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runtime: document that calling LockOSThread in init will lock main to m0 (the first OS thread) #23112

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andlabs opened this issue Dec 13, 2017 · 2 comments

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commented Dec 13, 2017

Continued from a brief in-person discussion with Ian and Keith earlier today.

A lot of people (including myself) want to write GUI programs in Go; we even had shiny to provide our own solution to this desire. Most, if not all OSs, require that all GUI code runs on a single OS thread, but most don't care which OS thread is used. macOS is the exception — macOS consigns the idea that the very first thread created by the OS is the only one allowed to do GUI stuff, and it has a few ways to do this:

  • it provides the pthread_main_np() function, which returns true if the current thread is the first thread the OS creates (and in the Darwin kernel, pthreads are the kernel threading model, in essence); WebKit calls this function directly
  • libSystem.dylib, the shared library that all programs eventually link to (think kernel32.dll on Windows), uses __attribute__((constructor)) to call a variety of thread-specific initialization functions in other libraries (such as libdispatch, which is important for modern Cocoa programming)
  • Core Foundation, which Cocoa is built on top of, uses a variety of undocumented variables to control its own data structures that, while they can be overridden with the correct extern statements, will not catch all possible cases
  • this list is probably incomplete

Various components in Cocoa have internal consistency checks to make sure they are only ever called on the "main thread"; a program will abort if these checks fail.

In runtime-speak, the first thread created by the OS is called m0 (or was called m0 back when the runtime was written in C), so I will call it that from here on out.

On other platforms, we could just insert a runtime.LockOSThread() in a goroutine to tie the goroutine that will do all GUI stuff to an OS thread, but for macOS this alone wouldn't work. I have found a number of ways to bypass some of the above bullet points, but things just wind up breaking later (and I don't think the libdispatch thing can be hacked without hard-coding its internal data structures...).

And this doesn't even consider things like transpiled JavaScript (in which I don't even know what the requirements are) or mobile platforms (I'm sure iOS has the same requirements as macOS but I'm not sure about any other platform).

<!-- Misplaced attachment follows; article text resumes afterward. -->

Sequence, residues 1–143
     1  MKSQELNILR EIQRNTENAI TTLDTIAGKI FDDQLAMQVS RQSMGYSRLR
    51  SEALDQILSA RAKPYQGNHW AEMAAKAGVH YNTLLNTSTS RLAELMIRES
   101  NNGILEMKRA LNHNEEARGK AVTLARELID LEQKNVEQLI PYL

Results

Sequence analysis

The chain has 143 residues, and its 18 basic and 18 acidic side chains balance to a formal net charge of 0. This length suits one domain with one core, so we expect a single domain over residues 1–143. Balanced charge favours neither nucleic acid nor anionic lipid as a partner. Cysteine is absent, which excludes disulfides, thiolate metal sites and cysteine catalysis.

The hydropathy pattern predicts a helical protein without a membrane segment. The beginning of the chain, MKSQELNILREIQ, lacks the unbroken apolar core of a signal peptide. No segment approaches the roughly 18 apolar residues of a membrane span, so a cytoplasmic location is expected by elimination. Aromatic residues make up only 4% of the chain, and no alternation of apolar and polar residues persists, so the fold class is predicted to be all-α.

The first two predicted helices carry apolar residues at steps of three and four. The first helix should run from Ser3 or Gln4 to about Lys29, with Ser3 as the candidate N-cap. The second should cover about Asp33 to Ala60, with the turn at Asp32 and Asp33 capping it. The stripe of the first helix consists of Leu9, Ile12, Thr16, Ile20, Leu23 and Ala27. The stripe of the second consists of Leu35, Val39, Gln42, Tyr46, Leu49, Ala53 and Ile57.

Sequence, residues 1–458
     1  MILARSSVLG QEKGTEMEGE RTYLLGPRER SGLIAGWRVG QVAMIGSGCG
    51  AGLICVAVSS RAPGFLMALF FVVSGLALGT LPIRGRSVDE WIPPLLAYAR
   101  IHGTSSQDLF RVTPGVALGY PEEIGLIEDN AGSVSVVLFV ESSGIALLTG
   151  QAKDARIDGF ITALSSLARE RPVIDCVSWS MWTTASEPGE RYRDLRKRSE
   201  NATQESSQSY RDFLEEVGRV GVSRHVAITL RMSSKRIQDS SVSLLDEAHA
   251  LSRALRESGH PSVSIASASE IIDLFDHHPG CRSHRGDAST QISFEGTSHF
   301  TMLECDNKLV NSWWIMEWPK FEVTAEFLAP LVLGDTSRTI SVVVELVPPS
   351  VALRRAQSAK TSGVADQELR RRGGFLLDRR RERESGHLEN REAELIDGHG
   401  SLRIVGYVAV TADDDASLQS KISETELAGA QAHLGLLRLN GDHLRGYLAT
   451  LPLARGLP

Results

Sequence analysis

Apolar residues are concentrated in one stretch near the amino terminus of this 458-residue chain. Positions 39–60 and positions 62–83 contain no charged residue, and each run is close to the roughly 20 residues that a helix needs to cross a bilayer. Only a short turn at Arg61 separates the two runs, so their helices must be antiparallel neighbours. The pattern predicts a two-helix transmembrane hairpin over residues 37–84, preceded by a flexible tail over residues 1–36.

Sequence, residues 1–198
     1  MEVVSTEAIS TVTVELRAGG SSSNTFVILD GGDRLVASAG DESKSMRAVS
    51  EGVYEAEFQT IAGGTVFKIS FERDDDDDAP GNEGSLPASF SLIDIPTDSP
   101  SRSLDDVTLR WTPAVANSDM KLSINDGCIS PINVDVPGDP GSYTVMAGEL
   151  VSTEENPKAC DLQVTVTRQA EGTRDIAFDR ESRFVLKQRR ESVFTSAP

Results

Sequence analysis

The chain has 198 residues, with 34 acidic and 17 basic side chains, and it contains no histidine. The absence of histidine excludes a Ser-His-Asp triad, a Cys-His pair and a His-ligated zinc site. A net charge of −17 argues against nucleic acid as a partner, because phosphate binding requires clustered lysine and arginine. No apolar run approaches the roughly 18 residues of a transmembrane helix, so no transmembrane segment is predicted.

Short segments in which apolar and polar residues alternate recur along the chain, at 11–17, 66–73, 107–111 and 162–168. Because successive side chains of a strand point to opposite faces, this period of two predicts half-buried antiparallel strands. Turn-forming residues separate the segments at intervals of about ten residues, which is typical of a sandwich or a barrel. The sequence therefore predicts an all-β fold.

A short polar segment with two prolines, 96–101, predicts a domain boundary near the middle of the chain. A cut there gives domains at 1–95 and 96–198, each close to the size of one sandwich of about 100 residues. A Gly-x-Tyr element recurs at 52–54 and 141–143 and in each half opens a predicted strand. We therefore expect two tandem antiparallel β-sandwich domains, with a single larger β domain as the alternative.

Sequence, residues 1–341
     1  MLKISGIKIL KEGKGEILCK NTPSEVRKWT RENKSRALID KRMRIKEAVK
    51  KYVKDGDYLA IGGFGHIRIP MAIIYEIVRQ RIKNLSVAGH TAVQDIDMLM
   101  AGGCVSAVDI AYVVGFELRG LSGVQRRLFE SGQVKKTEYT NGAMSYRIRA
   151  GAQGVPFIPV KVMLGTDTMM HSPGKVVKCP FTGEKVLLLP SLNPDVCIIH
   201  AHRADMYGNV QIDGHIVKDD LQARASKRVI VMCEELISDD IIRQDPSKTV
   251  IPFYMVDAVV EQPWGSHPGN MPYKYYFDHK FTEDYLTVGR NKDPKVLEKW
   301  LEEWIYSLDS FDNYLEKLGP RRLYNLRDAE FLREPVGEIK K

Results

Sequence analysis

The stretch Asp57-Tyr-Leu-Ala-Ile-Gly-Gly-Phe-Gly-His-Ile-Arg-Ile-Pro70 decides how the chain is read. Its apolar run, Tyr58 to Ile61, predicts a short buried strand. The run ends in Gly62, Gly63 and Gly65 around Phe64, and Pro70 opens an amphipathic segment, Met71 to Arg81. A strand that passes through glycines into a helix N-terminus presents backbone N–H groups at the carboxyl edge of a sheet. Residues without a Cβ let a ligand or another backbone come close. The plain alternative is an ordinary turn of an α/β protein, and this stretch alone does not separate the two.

So far, the most widely used workaround has been to call runtime.LockOSThread() in init. I didn't think this was a good solution because there was no guarantee that init will always stay on m0, especially once init was allowed to run concurrently with other goroutines. However, after talking with Ian and Keith earlier today, I learned that this is already guaranteed, just not documented. If this was documented, then we could all safely rely on the behavior.

I wouldn't know if this should be documented in package runtime (under LockOSThread) or in the spec (as part of the definition of initialization behavior).

Furthermore, there's the potential that a different package's init will call runtime.UnlockOSThread(), most likely to undo its own runtime.LockOSThread() — in which case, LockOSThread should be nested. Nesting will handle the case of a later package calling UnlockOSThread, but not of an earlier one doing so too, so perhaps UnlockOSThread should also be made a no-op in init functions, if that's even possible.

And of course, all bets are off if another function in main calls UnlockOSThread. Even if this is also made a no-op (which is probably not a good idea), package authors will need to document what functions must be run in main. This isn't a problem, though; it's something package authors should know, though.

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commented Dec 13, 2017

The guarantee in question is provided by https://golang.org/cl/5309070. In the discussion on that CL there were suggestions that should only be done in the implementation, not the spec. At this point I think that perhaps we can document it in the runtime package. CC @rsc .

Nesting LockOSThread is #20458, which has been fixed for 1.10 (see the beta release notes: https://tip.golang.org/doc/go1.10#runtime).

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commented Mar 29, 2018

Change https://golang.org/cl/103399 mentions this issue: runtime: document that LockOSThread in init locks to thread

@gopherbot gopherbot closed this in eb4f332 Apr 13, 2018

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